At the moment I am not looking to ax or scale back any departments (nor do I think the Board should be micromanaging at such a level), rather I would like to see a freeze on growth and see us stabilize at the current size. Then I would like to see where the decentralization plank of the Movement Strategy leads us, and whether the WMF can/should shrink. Kunal Mehta / Legoktm (talk) 22:55, 10 August 2022 (UTC)
Suppose the United States Congress was considering enacting statutory compulsory licence fees to be paid by wealthy corporate beneficiaries of work done by volunteers under free licences (such as Wikipedia and free software) to those volunteers, via organizations supporting them. Should the Foundation support such legislation? Why or why not? If so, what amounts and remuneration processes would you prefer?
I would expect the WMF to listen to what the communities want (possibly facilitating consultations on the issue) and then advocate for that position. Kunal Mehta / Legoktm (talk) 22:55, 10 August 2022 (UTC)
What proportion of the budget should be allocated to grants, and how would you improve the grantmaking process?
I don't have a specific percentage number in mind, I think the WMF should make available as many grants as we can reasonably perform oversight for, have recepients for and focus on benefitting the movement (and leave us enough reserve funding of course). One of the affiliate questions asked whether the WMF should sponsor other free knowledge projects, which I indicated my support for - this could be another area where we distribute grants.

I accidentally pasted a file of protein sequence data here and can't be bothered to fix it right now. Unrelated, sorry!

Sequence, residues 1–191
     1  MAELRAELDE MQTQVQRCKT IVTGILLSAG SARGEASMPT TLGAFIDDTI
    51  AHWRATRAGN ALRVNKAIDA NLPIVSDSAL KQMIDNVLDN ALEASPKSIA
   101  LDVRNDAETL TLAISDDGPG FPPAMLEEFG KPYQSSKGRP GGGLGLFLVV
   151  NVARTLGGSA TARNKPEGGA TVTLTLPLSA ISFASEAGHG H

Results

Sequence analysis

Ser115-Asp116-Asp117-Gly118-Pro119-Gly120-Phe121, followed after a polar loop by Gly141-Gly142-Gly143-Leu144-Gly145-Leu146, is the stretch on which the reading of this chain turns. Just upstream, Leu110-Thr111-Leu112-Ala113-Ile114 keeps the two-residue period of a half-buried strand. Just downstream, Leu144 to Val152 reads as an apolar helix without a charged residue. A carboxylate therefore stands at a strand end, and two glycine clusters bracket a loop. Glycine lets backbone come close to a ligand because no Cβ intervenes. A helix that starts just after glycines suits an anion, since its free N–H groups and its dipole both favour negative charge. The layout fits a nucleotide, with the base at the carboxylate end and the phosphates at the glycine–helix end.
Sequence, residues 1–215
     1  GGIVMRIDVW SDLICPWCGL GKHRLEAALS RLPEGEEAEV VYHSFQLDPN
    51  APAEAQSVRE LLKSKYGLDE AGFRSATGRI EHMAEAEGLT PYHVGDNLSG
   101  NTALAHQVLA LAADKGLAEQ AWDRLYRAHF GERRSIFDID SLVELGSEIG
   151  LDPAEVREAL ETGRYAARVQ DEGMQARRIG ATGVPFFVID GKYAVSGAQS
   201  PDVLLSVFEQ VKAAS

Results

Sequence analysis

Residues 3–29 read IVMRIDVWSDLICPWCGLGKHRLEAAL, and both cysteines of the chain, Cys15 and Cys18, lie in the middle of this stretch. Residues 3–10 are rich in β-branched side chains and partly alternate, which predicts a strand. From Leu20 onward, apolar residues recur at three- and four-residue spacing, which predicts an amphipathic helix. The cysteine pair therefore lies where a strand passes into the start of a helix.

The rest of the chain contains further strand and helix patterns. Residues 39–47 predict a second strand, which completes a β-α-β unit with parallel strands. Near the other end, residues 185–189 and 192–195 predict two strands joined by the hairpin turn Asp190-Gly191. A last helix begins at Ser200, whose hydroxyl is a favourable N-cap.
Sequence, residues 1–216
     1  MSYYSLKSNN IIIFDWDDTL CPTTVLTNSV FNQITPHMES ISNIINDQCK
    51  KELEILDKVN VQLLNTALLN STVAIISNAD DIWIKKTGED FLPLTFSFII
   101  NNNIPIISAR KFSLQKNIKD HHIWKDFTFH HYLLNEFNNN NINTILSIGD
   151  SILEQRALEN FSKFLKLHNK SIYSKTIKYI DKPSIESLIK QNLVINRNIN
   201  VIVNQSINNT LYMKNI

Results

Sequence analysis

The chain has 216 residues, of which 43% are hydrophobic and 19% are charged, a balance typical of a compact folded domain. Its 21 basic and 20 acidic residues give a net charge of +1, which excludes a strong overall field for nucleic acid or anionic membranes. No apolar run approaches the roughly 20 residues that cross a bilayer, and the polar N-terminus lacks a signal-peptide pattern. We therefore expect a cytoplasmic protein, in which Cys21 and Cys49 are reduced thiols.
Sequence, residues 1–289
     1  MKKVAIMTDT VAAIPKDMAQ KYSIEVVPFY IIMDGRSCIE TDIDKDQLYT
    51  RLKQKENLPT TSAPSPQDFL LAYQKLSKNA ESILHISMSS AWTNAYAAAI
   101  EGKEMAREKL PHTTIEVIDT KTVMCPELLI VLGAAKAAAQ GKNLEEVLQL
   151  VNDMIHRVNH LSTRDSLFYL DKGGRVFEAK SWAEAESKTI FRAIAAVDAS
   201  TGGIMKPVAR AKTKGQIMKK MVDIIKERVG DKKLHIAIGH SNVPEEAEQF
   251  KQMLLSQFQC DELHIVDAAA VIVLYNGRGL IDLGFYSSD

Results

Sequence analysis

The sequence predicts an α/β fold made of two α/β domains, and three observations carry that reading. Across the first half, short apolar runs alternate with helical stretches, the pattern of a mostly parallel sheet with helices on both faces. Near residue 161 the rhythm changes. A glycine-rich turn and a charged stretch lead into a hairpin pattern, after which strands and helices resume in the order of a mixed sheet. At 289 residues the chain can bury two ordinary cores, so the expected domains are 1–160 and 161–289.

My experience with the grantmaking process has been providing input on technical grant requests or watching people I know go through the process. I don't have any specific improvement proposals at this time, but am always ready to listen to others' suggestions. Kunal Mehta / Legoktm (talk) 00:06, 11 August 2022 (UTC)
What will you do to improve the quality of content in Wikimedia projects?
My push for bottom-up prioritization is to empower community members to get the tools they need to do to successfully and productively edit. The WMF should be supporting community members so they can focus on improving the quality of content. Kunal Mehta / Legoktm (talk) 22:56, 10 August 2022 (UTC)
What does "neutrality" mean to you in an increasingly polarised world, where right and left, east and west constantly accuse each other of disseminating disinformation and fake news?
I am happy to get into an extended discussion about neutrality in our current world, but since this is the board election, I'd like to approach it from the perspective of the WMF.
I do think the WMF (and affiliates) should be devoting resources to political lobbying on issues that directly affect the movement's ability to spread free knowledge, like copyright reform, freedom of panorama, Section 230, etc., both defensively and offensively. We should do so in a non-partisan manner (so not backing specific candidates or parties). And while the WMF may need to take a public stance on issues that directly affects its ability to hire and support employees (e.g. immigration issues), I think we should take care that the WMF doesn't get labeled as yet another "generic progressive organization". Even though they are distinct entities, a non-trivial amount of people will (incorrectly) associate things that the WMF does with our individual community-run projects.
Finally, there will always be adversarial governments that are unhappy with content on Wikimedia sites that will try to stop us by legal or technical means. The WMF, in conjunction with local affiliates and community members, should be prepared to deploy anti-censorship measures, whether legal, technical, social or all of them. Kunal Mehta / Legoktm (talk) 00:11, 11 August 2022 (UTC)